I attended an academically rigorous high school, where As were hard to come by. My senior year, I taped a handwritten note above my desk that simply said HONOR ROLL. It was a constant reminder of what I wanted to achieve.
Truth be told, I missed the honor roll by one letter grade in the final term. Still, it was the closest I’d ever come to making it . . . and I was confident that putting my goal in writing (and in a place I couldn’t ignore) had pushed me psychologically.
Fast forward to life in the working world. During my early career in magazines, the goals weren’t of my choosing, but they were clear: Brainstorm the topics, assign the articles, hound the writers, edit the copy, get it into the art department’s hands, and stay up late gorging on pizza when it was closing week and we had to send everything to the printer. Rinse, repeat.
Putting Your Goals in a Place They Can’t Be Ignored
As freelancers, it’s on us to determine our goals. At least once a year, I sit down at a local coffee shop for a few hours and write down an unedited list of things I want to achieve over the near and long term. But I made a mistake two years ago: I left the list inside a notebook, which I filed and forgot about for months.
If I’m honest with myself, it’s probably because it’s a bit overwhelming—and maybe counterproductive—to look every day at a piece of paper with 50 or more handwritten goals on it. That’s where a vision board comes in. Much like my honor roll reminder way back when, being able to glance at a poster board helps with inspiration. (If you’re interested in some great info about vision boards, I highly recommend Christine Kane’s process.) For me, it’s an extra step toward keeping the big picture, quite literally, right in front of me.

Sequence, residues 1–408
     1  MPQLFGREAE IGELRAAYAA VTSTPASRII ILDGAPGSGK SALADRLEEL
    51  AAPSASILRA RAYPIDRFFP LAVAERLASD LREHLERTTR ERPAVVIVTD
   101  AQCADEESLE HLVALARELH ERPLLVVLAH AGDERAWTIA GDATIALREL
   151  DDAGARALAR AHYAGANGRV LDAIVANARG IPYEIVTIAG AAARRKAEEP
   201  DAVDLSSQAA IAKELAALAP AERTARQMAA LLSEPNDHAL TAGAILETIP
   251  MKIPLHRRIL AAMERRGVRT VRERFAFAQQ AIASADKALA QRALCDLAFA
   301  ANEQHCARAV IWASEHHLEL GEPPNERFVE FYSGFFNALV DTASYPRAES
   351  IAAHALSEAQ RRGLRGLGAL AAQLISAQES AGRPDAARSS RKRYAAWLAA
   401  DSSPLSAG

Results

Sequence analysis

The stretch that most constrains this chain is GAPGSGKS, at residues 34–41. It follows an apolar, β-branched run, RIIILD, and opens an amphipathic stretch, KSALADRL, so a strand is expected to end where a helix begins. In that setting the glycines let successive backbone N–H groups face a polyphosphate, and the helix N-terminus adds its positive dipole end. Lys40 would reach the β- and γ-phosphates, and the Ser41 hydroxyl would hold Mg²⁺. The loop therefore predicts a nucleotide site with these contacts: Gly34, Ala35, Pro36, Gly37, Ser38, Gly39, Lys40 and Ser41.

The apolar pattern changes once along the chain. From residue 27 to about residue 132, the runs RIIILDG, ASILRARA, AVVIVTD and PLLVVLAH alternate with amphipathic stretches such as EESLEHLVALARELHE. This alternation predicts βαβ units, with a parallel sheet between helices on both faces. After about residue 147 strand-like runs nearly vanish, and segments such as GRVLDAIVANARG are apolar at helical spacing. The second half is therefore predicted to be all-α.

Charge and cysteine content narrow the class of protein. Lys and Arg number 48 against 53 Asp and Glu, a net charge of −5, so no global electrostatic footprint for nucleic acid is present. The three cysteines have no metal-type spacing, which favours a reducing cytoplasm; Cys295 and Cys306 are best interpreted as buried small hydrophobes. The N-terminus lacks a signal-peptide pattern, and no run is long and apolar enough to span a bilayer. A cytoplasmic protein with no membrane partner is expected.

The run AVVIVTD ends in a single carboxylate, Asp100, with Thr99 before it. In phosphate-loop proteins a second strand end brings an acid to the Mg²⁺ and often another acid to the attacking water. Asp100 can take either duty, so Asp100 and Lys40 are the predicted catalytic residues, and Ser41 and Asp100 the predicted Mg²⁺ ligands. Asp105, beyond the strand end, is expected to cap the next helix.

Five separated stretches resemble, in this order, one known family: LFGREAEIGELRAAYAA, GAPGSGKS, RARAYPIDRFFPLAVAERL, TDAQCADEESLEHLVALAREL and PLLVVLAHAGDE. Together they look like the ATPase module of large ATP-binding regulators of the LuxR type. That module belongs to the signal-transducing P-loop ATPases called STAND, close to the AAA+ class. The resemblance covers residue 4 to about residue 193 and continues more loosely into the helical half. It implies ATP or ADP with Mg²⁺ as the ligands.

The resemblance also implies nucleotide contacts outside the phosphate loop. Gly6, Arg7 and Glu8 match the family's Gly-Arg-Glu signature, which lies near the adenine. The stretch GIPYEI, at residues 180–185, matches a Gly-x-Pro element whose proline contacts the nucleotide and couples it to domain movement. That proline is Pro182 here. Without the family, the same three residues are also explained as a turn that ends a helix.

Obviously, a vision board doesn’t solve everything. You also have to create systems for your freelance business, a broader topic for another day. Nonetheless, for a daily reminder of why I’m doing what I’m doing, investing in a poster board, some magazines, and a glue stick pays significant mental dividends—especially since a vision board is far too big to tuck away and forget!
Here’s to a fantastic, prosperous 2019—whatever your vision is!
Jake Poinier made the leap into freelance writing and editing in 1999 after a decade of positions in the publishing industry, giving him key insights from both sides of the desk. As the founder and owner of Boomvang Creative Group, he has worked with a diverse array of Fortune 500 and small businesses, consumer and trade magazines, and independent authors. Jake is committed to helping freelancers improve their businesses and shares his knowledge and experiences frequently as a speaker at industry conferences, through webinars, and on his blog.